I live in a city. While I have access to some great trails and mountains nearby, due to the nature of my daily life and work, I don’t always have the opportunity to run in the mountains. It’s a dilemma that many trail runners and ultrarunners face: how do we train for long races on the trails while still living a normal life? It would be great if we could all simply pursue our passion without worrying about other obligations, but that just isn’t the case for most people. As someone who regularly runs 80-plus miles per week, I have found that run commuting provides a great balance between high level training and a normal work/life balance. It allows me to get a solid amount of my easy and recovery running volume during the week while still having a life outside of running.
Fellow Colorado runner, city dweller, and five-time Western States 100 run top-10 finisher Kyle Pietari has also utilized the run commute as a key component of his training since 2011. Kyle explains the many benefits of this method of transportation, “There are so many good reasons to run commute! First and foremost, it was the only way I could fit enough training volume into my lifestyle to be a successful ultrarunner. It also saved me thousands of dollars in vehicle expenses over the past decade and greatly reduced my carbon footprint. Finally, I found it gave me valuable mental breaks from the grind of daily work and life, and made every day more fun and adventurous. I could push myself harder at work and be more present with my family at home knowing that no matter how my day went, I was still going to get in two good runs.”
Running to and from work has offered huge cost and time benefits for me as well. Since incorporating the run commute into my weekly training, I drive less and have more time in my day for other things. It has taken trial and error however, especially when it comes to gear and clothing. Here are my top tips to get started:
- Take the uniform approach to work clothing. Have a few standard interchangeable items you can keep at work and wear every day. Plan ahead by making one big trip by car or bike to replace the clothing stash. This will greatly reduce the amount of gear you have to carry back and forth each day.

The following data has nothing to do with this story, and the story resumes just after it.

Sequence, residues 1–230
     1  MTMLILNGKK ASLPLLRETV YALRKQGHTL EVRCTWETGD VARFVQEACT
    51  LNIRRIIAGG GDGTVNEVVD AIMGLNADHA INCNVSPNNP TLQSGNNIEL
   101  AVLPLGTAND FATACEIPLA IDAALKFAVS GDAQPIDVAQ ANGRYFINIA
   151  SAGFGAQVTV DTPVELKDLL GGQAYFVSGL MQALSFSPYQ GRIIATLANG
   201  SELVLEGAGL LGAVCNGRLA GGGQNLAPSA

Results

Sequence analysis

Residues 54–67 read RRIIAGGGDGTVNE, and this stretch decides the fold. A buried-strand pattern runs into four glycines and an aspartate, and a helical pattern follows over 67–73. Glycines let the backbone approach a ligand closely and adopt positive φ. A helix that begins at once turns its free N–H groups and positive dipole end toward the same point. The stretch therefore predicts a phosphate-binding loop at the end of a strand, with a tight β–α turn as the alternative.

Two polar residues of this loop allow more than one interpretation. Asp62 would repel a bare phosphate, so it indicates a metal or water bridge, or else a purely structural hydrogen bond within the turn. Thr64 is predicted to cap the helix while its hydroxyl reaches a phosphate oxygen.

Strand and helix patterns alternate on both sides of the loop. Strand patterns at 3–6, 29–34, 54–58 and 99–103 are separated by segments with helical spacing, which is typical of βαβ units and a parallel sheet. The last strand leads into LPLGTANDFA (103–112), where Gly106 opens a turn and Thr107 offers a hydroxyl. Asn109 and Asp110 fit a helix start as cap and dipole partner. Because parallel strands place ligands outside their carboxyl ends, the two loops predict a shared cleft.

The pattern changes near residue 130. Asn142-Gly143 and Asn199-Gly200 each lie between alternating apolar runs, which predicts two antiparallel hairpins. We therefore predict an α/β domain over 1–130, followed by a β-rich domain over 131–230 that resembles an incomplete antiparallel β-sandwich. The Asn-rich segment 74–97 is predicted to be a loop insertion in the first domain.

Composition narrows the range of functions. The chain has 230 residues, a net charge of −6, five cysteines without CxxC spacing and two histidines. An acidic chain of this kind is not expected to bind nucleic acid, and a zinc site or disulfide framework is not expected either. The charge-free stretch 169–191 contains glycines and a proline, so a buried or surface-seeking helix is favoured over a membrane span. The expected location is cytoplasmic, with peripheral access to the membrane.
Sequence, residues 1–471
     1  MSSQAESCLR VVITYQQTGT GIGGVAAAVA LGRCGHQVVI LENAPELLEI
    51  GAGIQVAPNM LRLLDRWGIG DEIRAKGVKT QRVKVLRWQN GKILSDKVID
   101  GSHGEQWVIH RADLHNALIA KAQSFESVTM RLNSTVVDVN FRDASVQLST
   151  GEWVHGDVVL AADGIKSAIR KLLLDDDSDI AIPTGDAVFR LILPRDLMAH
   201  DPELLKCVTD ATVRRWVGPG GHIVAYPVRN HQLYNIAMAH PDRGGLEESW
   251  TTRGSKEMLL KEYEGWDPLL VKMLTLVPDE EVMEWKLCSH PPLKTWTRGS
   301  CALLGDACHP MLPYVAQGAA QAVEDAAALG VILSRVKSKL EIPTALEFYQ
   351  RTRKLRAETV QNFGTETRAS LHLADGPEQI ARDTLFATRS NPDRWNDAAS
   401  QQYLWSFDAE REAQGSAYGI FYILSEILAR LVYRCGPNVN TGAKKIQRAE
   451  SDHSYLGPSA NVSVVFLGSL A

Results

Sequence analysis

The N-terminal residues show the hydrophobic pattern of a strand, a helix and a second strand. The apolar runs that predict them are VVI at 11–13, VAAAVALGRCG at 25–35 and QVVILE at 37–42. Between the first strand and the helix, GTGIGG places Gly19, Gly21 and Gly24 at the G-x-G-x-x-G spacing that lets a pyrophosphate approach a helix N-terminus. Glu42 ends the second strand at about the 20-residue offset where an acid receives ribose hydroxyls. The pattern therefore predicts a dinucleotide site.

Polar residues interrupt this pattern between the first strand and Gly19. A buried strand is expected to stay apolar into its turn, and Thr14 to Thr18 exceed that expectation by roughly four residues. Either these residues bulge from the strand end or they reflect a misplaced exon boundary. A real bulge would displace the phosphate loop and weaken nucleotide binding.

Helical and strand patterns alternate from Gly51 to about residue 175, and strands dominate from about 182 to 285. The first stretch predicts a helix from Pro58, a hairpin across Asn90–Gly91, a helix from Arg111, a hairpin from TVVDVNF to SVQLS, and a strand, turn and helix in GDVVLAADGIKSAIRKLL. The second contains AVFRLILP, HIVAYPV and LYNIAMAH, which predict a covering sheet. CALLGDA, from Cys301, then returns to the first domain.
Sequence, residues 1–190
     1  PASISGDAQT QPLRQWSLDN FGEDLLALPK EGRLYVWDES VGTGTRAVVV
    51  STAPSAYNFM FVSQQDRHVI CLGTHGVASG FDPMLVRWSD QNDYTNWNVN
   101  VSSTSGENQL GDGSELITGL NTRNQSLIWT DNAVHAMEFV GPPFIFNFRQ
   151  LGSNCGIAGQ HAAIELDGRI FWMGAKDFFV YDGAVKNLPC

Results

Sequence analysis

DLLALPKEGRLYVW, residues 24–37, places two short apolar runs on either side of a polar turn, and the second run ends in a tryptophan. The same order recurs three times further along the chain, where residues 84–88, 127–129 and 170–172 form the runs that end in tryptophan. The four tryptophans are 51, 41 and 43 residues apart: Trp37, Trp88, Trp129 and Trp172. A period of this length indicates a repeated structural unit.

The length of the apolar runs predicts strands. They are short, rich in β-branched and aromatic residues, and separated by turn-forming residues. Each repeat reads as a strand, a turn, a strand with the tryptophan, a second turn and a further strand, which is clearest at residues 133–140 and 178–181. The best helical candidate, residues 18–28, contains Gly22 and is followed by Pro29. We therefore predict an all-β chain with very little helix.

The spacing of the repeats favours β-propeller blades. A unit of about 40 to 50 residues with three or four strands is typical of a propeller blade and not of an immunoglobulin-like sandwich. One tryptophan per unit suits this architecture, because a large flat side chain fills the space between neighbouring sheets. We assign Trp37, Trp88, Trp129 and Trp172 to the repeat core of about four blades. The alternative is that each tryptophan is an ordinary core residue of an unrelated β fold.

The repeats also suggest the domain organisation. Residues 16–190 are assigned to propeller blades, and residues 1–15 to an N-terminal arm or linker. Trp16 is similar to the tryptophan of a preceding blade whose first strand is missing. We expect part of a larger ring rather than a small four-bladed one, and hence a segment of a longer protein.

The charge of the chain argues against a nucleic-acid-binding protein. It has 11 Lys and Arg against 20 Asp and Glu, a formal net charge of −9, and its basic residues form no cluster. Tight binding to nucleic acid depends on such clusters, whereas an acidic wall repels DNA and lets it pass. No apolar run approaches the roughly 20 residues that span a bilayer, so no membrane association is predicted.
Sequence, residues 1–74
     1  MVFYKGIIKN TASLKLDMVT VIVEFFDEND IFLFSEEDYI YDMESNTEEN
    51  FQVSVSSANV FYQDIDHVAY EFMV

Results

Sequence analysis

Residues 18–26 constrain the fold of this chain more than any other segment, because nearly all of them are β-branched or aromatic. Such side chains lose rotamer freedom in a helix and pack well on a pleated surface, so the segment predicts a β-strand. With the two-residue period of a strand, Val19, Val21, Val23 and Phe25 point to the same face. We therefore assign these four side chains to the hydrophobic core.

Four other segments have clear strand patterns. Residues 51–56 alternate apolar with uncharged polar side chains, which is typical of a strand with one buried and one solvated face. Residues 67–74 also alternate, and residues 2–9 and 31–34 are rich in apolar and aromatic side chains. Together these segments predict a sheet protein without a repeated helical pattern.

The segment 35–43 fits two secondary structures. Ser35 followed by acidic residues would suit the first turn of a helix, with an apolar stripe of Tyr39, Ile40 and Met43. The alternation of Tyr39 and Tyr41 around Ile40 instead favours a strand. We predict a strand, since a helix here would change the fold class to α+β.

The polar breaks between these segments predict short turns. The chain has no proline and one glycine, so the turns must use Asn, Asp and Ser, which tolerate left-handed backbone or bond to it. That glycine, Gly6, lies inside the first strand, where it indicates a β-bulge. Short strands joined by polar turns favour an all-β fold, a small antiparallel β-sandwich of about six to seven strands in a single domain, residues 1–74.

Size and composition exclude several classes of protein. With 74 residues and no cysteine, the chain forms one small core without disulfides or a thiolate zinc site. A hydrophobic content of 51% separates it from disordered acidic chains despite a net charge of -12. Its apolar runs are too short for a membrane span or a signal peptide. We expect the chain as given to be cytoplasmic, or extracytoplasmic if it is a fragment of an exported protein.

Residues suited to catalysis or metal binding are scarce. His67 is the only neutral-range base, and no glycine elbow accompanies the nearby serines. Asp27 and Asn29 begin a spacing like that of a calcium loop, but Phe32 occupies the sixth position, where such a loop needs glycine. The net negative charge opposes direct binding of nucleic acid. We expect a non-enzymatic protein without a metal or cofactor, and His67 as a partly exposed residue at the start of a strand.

- Make friends with your pack. Find a pack that fits you well and maintains balance even when filled with a lot of gear. You likely race with a running pack, so this is a great way of perfecting the fit and balance on a daily basis.
- Carry food that can be squished or shaken. My favorite foods to run with tend to be leftover dinners I can pack in Tupperware. A one-dish meal that can be thrown into a microwave at work is ideal. Burritos are always a go-to option as well, since they take up minimal space and can handle being squeezed into a pack.
Kyle has also developed helpful rules based on his own trial-and-error process: “Always have at least two layers of plastic between your food and your clothes, always have a way to protect your phone from rain, and always keep at least one full set of backup clothes, including a belt and shoes, at the office.”
Run commuting is a practical way of balancing training and life, but it can also be enjoyable. I have found that my morning run to work gives me some time to consider and plan my day ahead, and then my run home gives me the chance to unpack my day and de-stress before I get home. There is a meditative aspect to these runs. The routes might not be the most exciting, but the lack of excitement gives me time to think. When I balance these standard routes with more exciting time in the mountains on the weekends, I feel like I’m benefiting from running in two different but complementary ways. Each type of run makes me appreciate the other type as an entirely different activity.
Give run commuting a try and take this bit of wisdom with you from Kyle, “When you first start, you will make mistakes. You might forget your underwear or your belt. You might have difficulties getting breakfast or lunch figured out. You might get funny looks from coworkers when you first arrive at the office and the back of your shirt is wet with sweat where your pack was on. But do not give up—believe in the power of habit and keep doing it until it becomes automatic. The value and richness that consistent run commuting has added to my life are incalculably high, and I hope others can have similar experiences.”
Call for Comments
Calling all run commuters! Leave a comment to share your thoughts on run commuting, be it your own tips and lessons learned, what your run commute looks like, or perhaps your ethos on why it’s a part of your life and running.